|— City —|
|Ville de Lévis|
|Lévis as seen from Terrasse Dufferin|
|Motto: Toujours à l'Avant-Garde|
[[Image:|250px|Levis is located in ]]
|Established||January 1, 2002|
|- Mayor||Danielle Roy-Marinelli|
|- Governing body||Levis City Council|
|- MPs||Steven Blaney, Jacques Gourde|
|- MNAs||Gilles Lehouillier, Marc Picard|
|- Urban density|
|- Rural density|
|- Metro density|
|Time zone||EST (UTC−5)|
|- Summer (DST)||EDT (UTC−4)|
|Postal Code||G6, G7|
Lévis is a city in eastern Quebec, Canada. It is located on the south shore of the St. Lawrence River, opposite Quebec City. A ferry links Old Quebec with Old Lévis, and two bridges, the Quebec Bridge and the Pierre Laporte Bridge, connect western Lévis with Quebec City. The Société de transport de Lévis is responsible for public transportation by bus.
The population in 2006 was 130,006. Its current incarnation was founded on January 1, 2002, as the result of a merger among ten cities, including the older city of Lévis founded in 1861.
Lévis is also the name of a territory equivalent to a regional county municipality (TE) and census division (CD) of Quebec, coextensive with the city of Lévis. Its geographical code is 25 as a census division, and 251 as an RCM-equivalent territory.
Lévis County existed until 1980s when it was divided into Desjardins regional county municipality (RCM), Chutes-de-la-Chaudière-Ouest Regional County Municipality, and Chutes-de-la-Chaudière-Est Regional County Municipalities, which are now equivalent to current districts within the current Lévis.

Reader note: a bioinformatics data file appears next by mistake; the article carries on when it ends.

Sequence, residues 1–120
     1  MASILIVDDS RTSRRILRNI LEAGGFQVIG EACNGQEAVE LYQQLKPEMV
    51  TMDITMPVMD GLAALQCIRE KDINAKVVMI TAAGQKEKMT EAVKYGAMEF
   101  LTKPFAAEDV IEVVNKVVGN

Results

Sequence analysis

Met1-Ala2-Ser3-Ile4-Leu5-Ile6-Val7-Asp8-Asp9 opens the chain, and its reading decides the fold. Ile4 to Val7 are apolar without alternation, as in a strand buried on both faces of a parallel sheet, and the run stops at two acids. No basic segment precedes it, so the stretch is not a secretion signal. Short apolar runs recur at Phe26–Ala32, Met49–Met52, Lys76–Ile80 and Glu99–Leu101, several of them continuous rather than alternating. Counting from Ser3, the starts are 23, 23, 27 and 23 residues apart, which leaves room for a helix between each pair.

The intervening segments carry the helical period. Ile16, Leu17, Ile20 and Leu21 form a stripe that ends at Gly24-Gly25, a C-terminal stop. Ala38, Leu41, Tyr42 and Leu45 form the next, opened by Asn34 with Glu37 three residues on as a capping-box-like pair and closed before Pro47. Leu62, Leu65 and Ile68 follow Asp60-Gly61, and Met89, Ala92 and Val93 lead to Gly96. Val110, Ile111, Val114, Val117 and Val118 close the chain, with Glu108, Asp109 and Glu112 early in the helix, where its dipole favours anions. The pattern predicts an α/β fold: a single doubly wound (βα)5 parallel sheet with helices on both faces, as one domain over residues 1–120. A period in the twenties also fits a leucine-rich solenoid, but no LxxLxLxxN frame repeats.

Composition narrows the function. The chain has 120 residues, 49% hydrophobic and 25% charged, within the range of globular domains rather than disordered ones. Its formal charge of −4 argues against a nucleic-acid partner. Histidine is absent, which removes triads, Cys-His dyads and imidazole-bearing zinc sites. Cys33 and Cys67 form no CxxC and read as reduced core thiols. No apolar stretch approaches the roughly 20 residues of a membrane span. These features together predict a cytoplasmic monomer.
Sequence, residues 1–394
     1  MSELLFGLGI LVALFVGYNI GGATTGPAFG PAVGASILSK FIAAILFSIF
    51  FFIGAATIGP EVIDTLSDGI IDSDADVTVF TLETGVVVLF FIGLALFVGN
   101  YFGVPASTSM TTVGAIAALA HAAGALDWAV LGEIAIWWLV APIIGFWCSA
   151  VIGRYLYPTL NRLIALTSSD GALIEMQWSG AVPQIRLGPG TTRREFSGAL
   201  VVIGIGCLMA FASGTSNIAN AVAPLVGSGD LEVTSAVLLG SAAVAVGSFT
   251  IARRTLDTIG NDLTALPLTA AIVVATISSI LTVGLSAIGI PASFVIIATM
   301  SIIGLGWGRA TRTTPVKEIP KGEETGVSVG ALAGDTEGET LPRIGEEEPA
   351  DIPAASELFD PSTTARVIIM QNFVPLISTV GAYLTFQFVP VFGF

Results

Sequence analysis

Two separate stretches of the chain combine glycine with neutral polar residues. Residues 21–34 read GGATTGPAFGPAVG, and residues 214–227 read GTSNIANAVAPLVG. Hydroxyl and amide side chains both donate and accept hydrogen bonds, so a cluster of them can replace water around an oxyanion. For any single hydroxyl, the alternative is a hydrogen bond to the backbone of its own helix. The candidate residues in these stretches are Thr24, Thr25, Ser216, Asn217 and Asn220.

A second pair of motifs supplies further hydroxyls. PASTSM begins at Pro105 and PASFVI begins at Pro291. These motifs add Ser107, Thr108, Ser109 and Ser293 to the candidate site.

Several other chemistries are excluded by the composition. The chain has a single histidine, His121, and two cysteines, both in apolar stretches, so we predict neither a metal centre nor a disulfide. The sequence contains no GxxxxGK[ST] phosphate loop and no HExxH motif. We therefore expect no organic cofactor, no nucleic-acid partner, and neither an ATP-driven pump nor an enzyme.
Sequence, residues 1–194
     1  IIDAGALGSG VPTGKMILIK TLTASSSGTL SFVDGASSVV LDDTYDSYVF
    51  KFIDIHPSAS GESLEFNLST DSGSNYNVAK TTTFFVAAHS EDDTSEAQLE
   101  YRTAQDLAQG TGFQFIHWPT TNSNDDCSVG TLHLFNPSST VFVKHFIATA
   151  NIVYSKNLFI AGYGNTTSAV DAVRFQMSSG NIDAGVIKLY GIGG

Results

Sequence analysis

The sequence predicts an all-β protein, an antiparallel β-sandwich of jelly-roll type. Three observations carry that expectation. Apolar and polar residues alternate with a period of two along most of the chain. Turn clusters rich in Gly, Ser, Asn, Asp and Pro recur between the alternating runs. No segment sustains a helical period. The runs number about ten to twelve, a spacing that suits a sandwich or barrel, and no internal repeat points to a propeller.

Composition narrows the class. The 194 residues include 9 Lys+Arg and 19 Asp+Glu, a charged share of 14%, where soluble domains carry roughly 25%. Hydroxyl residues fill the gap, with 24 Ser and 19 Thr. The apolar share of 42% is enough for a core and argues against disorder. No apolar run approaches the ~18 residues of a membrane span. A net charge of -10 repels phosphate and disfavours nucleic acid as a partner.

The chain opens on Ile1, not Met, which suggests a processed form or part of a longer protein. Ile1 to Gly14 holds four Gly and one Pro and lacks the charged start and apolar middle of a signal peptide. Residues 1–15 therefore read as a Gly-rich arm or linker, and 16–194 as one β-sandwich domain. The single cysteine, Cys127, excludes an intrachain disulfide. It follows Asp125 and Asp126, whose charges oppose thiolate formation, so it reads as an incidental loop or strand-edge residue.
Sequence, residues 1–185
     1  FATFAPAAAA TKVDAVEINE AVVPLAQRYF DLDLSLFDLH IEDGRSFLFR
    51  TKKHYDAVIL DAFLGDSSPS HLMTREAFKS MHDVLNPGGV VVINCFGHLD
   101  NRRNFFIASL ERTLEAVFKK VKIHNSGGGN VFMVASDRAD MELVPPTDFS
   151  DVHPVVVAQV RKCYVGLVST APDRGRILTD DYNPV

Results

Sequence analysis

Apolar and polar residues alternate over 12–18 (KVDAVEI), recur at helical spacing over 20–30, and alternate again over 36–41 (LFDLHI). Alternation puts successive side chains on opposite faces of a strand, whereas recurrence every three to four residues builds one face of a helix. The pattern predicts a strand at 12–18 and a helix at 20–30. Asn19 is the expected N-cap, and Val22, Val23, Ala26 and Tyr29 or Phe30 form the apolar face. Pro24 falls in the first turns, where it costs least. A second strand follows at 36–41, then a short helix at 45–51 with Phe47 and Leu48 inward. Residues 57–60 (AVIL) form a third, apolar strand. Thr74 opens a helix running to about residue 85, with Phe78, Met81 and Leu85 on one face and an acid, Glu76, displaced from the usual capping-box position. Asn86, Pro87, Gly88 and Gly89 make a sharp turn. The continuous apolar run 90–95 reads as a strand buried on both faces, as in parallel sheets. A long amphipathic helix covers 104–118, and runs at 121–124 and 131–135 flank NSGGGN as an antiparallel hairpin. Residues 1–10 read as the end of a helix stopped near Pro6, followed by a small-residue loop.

On January 1, 2002, ten cities were merged by the Quebec provincial government to form the new city of Lévis: Charny, Lévis, Pintendre, Sainte-Hélène-de-Breakeyville, Saint-Étienne-de-Lauzon, Saint-Jean-Chrysostome, Saint-Joseph-de-la-Pointe-de-Lévy, Saint-Nicolas, Saint-Rédempteur, and Saint-Romuald. Previously, the former cities of Lauzon and Saint-David-de-l'Auberivière were merged to Lévis in 1989. The three RCMs which these cities were a part of ceased to exist. The new city, however, was divided into three districts: Desjardins, Chutes-de-la-Chaudière-Ouest and Chutes-de-la-Chaudière-Est, which have the same boundaries as the former RCMs.
Lévis covers an area of : 10% urban, 48% farmlands, 36% forests and 6% wetlands. In addition to the Saint Lawrence River, the Etchemin and Chaudière Rivers also run through the city before ending their journey in the Saint Lawrence. The Chaudière River also boasts a fall with a suspended bridge, which can be accessed from Autoroute 73.
First Nations people are said to have favored the Pointe-Lévy (currently named Lévis) area long before French settlement due to its ideal location, at the junction of the St-Lawrence and the Chaudière rivers. Many archeological sites reveal evidence of human occupation for about 10,000 years. Some historians theorize that Pointe-Lévy could have been one of the main centres of Native American population development in the Quebec province.
In 1636, approximately 28 years after the foundation of Quebec City, The seignory of Lauzon was founded on the eastern part of the actual territory. In the following years, other seignories were founded near the St-Lawrence river. Pointe-Lévy was mainly an agricultural domain in which several lords ("Seigneurs") controlled their part of land in a medieval feodal way.
The land of the Lauzon seignory remained unoccupied until 1647, when Guillaume Couture became the first European settler installed in front of Quebec City. Couture was at the time first Administrator, Chief Magistrate, Captain of the Militia, member of the Sovereign Council and was widely considered a hero in New France. Couture was however not the first seignor of the Lauzon Seignory, as the land was owned by Jean de Lauzon (French Governor between 1651 and 1657).